28 What could programs do with respect to priority females?
Consult with affected females to devise a plan to change male behavior. Provide realistic/private/safe means to assess change. Tailor program content for adolescent girls, mindful of their safety, the possibility of coerced or tricked sex, a potentially skewed power imbalance, and the economic implications, short term and long term, of many adolescent relationships.

29 What could programs do with respect to male participation?
Select male participants deliberately in consultation with female stakeholders, e.g. men who have a history of violence, are “baby fathers”, partners of pregnant women, employers, brothers, fathers. Extend the effectiveness of current male-focused programs by building the protective assets of the affected females’ social support, livelihood skills, safety nets, knowledge, access to services, and safe channels of expression. Overall, work bilaterally: build the protective assets of specific females as well as address the men in their environment that they identify as bringing the greatest challenge to their well-being.

30 Some considerations in evaluating programs
Measure programs’ ability to reduce structural violence, such as child marriage or FGM. Define distinctive goals by gender and age for males and females in terms of gains and changes sought in attitudes, knowledge of rights, and behaviors. Track these gender/age inputs to a primary client, e.g. a female who knows her rights, a male who knows how to practice safe sex. Hypothesize and track potential synergies among inputs to different clients, for example, the potential trade-ons of programs that simultaneously build the protective assets of females and work with appropriately selected men on a parallel set of benchmarks for them.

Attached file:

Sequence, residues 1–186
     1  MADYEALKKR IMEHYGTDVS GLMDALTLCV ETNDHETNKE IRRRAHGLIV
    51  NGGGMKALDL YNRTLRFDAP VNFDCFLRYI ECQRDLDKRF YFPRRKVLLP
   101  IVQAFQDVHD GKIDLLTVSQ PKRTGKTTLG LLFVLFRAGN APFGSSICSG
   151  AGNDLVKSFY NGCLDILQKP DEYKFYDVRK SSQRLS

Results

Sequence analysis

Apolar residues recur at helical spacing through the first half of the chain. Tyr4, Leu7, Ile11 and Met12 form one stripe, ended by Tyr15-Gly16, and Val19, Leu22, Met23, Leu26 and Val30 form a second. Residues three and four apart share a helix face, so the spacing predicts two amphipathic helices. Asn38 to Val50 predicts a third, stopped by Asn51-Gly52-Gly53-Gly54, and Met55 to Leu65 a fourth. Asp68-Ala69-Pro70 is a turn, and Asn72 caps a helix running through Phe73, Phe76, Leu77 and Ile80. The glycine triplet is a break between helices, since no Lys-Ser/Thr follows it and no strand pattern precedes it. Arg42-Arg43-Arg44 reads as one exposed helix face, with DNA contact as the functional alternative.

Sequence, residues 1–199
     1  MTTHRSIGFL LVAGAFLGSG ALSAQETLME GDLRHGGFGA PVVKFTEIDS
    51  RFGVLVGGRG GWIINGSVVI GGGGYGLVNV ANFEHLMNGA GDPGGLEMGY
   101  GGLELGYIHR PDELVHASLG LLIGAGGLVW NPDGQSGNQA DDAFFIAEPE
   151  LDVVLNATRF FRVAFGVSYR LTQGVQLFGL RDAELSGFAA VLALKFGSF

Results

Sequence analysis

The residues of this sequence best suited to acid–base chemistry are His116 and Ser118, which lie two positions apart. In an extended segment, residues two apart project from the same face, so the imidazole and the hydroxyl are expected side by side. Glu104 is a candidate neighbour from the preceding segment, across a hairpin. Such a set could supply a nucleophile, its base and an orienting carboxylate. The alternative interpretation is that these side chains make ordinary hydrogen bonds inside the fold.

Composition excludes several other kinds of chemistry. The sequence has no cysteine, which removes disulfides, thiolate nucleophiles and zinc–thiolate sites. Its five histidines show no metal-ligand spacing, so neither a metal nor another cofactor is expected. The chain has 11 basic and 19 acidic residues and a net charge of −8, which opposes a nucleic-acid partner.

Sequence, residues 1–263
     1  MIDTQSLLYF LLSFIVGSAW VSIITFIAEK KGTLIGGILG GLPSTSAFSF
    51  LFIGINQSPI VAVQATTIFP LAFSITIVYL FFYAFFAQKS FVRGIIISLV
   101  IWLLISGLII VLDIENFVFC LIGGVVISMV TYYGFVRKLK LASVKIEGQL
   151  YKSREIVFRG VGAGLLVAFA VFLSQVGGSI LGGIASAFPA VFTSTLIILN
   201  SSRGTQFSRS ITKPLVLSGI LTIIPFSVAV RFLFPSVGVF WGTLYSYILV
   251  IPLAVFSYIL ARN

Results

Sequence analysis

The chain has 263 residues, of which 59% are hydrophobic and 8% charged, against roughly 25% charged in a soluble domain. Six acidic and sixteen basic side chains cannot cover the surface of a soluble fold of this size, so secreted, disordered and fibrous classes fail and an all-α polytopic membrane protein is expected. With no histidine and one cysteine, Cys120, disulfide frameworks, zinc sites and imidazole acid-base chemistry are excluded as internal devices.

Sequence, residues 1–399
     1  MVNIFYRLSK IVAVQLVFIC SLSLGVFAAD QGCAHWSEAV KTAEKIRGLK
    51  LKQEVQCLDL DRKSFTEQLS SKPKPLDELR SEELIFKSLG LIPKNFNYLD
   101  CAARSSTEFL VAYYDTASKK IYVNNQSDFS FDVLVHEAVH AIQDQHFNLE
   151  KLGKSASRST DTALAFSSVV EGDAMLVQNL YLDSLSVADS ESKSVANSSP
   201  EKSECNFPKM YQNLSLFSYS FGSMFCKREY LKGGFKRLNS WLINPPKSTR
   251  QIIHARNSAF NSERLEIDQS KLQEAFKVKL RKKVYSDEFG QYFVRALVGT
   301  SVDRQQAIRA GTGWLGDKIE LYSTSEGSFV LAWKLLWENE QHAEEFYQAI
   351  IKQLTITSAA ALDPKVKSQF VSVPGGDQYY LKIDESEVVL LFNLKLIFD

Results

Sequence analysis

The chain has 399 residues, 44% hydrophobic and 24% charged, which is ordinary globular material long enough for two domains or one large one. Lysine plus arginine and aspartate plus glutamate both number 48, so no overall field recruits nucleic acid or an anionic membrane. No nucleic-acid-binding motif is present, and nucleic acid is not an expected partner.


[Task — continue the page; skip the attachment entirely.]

31 Some considerations in evaluating programs
When the couple paradigm is appropriate, confirm with both partners --do not rely on one-sided self-reports in program evaluation, for example: Assess changes in females’ autonomy and agency by also asking their partners. Assess changes in men’s use of the threat of violence to control their intimate partner by not only asking men, but also asking their partners/wives. Assess male willingness to carry a fair share of the work burden by asking mother of child/wife whether there is a changed participation in child care.

32 Some considerations in evaluating programs
Change takes time and relationships transmute. Ideally, programs would be evaluated over a 5-year rather than a 3-year period to capture sustained change, at the individual as well as couple level. Assess male willingness to carry a fair share of the work burden by asking mother of child/wife whether there is a changed participation in child care. If we begin to see the violence and abuse that can result from negative gender norms as a disinvestment in the whole community. We may be able to mount and measure ameliorative programs within specific catchment areas. Programs could address important and linked subsets of males and females in parallel to measure individual level and community change in attitudes, levels of violence, reported safety on the streets, and so forth.

33 Thank you!!!